A primary goal of culturally responsive education is to help all students become respectful of the multitudes of cultures and people that they’ll interact with once they exit the educational setting. This can be a daunting task for the educator, given that the world at large is infinitely more complex and diverse than the microcosmic environment that the student inhabits. In typical educational and social settings there is a marked tendency for students to exhibit classic in-group/out-group behaviors.
In general, most students are comfortable interacting with people, behaviors, and ideas that they are familiar with but react with fear and apprehension when faced with the unfamiliar. Among its other goals, culturally responsive instruction aims to teach students that differences in viewpoint and culture are to be cherished and appreciated rather than judged and feared.
There are a wide range of classroom activities that can help students recognize the essential humanity and value of different types of people. For instance, providing students with an opportunity to share stories of their home life, such as family holiday practices, provides fellow students with a window into their peer’s cultural traditions.
Another important goal of culturally responsive education is to teach students to respect and appreciate their own culture and heritage. Minority students can sometimes feel pressured to dispose of their cultural norms, behaviors, and traditions in order to fit in with the prevalent social order. When this happens it can create a significant disconnect between the culture of the student’s school and community lives and can interfere with emotional growth and social development, frequently resulting in poor performance in social and academic domains. Providing opportunities for students to investigate unique facets of their community is one effective way to help students gain a greater appreciation for their own culture. Having students interview family members about cultural practices and traditions or write about important learning experiences that the student has experienced in his home community are just two of the many ways that students can explore their heritage.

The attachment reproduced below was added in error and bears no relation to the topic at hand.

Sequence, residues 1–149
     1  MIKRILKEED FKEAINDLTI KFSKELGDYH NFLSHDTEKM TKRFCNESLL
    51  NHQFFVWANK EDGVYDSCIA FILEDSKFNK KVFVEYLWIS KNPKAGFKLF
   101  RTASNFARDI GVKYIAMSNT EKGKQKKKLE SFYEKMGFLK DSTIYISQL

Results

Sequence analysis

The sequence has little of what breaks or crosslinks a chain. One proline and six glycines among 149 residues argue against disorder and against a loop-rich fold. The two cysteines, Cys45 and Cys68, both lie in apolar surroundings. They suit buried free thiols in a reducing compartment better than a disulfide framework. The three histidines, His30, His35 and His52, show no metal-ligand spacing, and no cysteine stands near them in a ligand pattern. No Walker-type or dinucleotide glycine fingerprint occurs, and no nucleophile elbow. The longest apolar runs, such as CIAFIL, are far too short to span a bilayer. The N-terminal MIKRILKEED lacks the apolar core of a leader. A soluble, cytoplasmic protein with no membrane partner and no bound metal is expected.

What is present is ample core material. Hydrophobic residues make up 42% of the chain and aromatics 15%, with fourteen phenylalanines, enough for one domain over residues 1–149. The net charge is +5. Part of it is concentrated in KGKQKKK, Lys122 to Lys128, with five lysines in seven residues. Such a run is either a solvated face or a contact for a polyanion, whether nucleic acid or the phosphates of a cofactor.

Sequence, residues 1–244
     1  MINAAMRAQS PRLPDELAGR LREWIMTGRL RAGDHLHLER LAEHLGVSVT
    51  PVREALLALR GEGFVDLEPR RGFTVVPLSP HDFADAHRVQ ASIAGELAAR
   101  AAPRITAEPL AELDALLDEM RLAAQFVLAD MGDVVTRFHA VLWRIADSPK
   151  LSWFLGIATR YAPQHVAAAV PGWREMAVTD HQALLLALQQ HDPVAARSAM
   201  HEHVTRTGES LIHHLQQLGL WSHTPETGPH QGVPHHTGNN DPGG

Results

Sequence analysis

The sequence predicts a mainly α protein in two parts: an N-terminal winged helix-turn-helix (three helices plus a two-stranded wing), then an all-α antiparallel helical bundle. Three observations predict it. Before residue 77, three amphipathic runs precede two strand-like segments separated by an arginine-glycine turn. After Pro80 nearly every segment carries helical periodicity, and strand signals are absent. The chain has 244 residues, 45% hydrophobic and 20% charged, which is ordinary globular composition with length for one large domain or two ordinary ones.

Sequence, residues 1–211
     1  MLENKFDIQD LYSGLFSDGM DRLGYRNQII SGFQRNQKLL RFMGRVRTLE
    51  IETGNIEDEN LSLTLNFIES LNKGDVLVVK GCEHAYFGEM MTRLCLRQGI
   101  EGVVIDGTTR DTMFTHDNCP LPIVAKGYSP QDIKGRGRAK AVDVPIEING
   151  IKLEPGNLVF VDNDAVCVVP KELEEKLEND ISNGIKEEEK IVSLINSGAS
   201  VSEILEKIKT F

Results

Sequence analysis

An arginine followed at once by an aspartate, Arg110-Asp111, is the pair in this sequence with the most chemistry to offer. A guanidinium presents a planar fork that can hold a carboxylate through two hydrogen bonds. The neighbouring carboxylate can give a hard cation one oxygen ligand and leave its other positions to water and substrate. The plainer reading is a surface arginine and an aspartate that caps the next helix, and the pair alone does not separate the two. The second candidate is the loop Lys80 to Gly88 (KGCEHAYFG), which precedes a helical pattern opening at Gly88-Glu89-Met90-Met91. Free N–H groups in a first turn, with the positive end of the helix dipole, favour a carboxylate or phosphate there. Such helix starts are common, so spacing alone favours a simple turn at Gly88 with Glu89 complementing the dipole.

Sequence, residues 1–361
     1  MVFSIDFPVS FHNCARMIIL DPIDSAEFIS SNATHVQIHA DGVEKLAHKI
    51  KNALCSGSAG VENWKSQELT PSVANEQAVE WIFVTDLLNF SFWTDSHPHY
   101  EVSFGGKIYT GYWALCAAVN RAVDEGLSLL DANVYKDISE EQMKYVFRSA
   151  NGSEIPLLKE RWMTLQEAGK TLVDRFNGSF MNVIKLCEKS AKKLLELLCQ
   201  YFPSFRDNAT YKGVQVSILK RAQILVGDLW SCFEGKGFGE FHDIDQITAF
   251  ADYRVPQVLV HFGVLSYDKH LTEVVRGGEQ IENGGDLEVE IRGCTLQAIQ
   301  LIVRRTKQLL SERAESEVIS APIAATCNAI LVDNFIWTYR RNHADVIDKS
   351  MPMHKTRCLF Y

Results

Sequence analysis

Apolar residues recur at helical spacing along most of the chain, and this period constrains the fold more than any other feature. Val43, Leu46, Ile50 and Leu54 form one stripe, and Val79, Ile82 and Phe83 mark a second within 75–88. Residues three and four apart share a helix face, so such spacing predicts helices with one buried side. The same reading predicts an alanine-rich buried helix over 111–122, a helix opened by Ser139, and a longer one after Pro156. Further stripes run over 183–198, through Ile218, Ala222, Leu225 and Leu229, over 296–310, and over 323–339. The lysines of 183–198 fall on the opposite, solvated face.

Consistent exposure to positive role models is another excellent way to emphasize respect and admiration for the diverse student’s own culture. All too often, students are exposed to ethnic stereotypes on television and in movies. Providing diverse students with role models who demonstrate exceptional leadership qualities and make social contributions in a non-stereotypical way helps students recognize the limitless ways in which they can have a positive impact on society.